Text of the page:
We are Excited to Announce Our New Name: SmartSenseRead More
We are Excited to Announce Our New Name: SmartSenseRead More
We are Excited to Announce Our New Name: SmartSense
The excitement of getting your brand-new temperature monitoring solution up and running can quickly meet its demise when your initial setup doesn’t go as smoothly as planned. The easiest way to avoid this dilemma is with proper preparation for setting up your new units. A typical first-time setup should only take a few minutes. In this post, we’ll explore best practices to ensure you not only get yourself up and...
Most non-refrigerated pharmaceuticals come with the recommendation on the package that you store them in a “cool, dry place.” Continuous and automated temperature monitoring makes it easy to follow the “cool” part of these recommendations by changing the temperature of a cooler or freezer when alerted. Wisconsin’s Board of Pharmacy has recently become the first to make a recommendation on how to interpret the “dry”...
You may have seen the headlines about the crisis at Cleveland’s University Hospitals Fertility Center. It is every safety manager’s nightmare. Between the overnight hours of March 3 and 4, one of the facility’s liquid nitrogen storage tanks began to warm up. Undetected by both the hospital staff and its monitoring system, more than 2,000 embryos and eggs have most likely been compromised during the excursion.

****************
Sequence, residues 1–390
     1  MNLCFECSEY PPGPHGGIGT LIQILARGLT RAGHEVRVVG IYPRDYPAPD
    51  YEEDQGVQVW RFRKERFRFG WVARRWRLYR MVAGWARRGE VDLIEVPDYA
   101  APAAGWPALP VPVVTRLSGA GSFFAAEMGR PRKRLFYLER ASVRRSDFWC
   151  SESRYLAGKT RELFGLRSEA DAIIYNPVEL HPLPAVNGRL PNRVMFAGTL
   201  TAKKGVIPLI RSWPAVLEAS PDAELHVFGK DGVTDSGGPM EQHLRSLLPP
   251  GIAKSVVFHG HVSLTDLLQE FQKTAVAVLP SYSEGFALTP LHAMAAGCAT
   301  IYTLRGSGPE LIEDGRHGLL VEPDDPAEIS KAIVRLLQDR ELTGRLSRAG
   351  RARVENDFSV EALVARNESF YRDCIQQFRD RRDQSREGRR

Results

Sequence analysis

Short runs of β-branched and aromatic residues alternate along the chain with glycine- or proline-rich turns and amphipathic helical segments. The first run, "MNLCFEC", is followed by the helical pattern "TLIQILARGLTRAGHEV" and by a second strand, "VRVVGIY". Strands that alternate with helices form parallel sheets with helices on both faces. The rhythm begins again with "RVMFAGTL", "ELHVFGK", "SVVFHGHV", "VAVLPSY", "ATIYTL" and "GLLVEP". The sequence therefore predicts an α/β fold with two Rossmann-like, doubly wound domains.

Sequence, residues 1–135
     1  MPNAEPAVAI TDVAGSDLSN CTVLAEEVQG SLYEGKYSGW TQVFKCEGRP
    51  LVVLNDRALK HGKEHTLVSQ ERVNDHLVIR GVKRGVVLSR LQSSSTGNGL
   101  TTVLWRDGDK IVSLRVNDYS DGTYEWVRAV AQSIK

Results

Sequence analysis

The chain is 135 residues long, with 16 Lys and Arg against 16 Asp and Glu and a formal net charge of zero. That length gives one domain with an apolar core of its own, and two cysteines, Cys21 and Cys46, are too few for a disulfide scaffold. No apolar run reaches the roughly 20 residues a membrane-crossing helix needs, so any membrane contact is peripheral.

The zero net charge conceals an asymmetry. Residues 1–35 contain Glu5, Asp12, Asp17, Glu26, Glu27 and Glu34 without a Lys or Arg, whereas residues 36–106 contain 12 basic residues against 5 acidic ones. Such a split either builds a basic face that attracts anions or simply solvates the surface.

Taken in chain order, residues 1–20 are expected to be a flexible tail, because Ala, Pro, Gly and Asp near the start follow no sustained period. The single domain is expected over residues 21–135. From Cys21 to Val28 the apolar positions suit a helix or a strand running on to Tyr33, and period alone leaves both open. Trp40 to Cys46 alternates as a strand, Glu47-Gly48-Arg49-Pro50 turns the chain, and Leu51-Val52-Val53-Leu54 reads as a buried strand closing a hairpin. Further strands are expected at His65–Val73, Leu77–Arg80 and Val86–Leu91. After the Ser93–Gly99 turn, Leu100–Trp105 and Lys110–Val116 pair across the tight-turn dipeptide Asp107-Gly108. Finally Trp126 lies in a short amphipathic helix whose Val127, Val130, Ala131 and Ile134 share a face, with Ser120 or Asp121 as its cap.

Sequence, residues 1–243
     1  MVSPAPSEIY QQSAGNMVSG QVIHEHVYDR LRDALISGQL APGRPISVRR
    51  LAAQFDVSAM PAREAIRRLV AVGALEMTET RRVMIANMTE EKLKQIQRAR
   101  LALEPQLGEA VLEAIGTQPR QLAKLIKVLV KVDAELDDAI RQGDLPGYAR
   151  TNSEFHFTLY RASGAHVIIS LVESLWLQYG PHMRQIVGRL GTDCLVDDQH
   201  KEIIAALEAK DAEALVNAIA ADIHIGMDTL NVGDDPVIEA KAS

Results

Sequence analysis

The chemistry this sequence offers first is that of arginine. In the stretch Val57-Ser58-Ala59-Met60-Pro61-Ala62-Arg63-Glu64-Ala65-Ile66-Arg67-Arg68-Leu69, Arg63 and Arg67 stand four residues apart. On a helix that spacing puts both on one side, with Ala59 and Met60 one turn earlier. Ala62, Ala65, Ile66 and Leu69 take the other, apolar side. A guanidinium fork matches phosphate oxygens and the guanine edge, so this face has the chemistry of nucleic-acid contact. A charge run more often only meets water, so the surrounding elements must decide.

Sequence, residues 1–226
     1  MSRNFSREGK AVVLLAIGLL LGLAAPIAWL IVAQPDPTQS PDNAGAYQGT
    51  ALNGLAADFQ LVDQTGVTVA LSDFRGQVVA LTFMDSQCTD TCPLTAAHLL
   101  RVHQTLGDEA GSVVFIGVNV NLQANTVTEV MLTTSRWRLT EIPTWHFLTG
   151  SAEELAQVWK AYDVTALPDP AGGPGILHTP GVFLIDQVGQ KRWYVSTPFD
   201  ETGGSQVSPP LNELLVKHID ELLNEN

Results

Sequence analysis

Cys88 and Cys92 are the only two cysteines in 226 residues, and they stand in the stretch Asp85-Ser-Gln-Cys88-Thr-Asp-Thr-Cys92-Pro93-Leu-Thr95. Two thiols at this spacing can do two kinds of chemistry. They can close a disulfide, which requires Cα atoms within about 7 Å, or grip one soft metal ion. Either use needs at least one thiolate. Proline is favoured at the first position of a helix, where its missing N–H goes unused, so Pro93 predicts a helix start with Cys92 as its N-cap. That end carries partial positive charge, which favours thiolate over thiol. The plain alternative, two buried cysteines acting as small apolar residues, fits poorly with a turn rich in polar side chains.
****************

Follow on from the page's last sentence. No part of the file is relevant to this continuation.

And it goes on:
Even if you’ve never had spoiled milk (and we hope you haven’t), you probably have a good idea of just how unpleasant the experience is thanks to popular media. Milk spoils very easily, turning everyone’s favorite milkshake treat dangerous thanks for foodborne illness. Temperature monitoring in the food industry is crucial, but to what extent?
Real-time Temperature Data Is Essential
You almost know everything you need about preparing your business for the Industrial Internet of Things (IIoT). IIoT entails connecting and monitoring equipment, vehicles, and other hard assets within a company’s aggregated information network to enable additional organizational insights, efficiency, and control.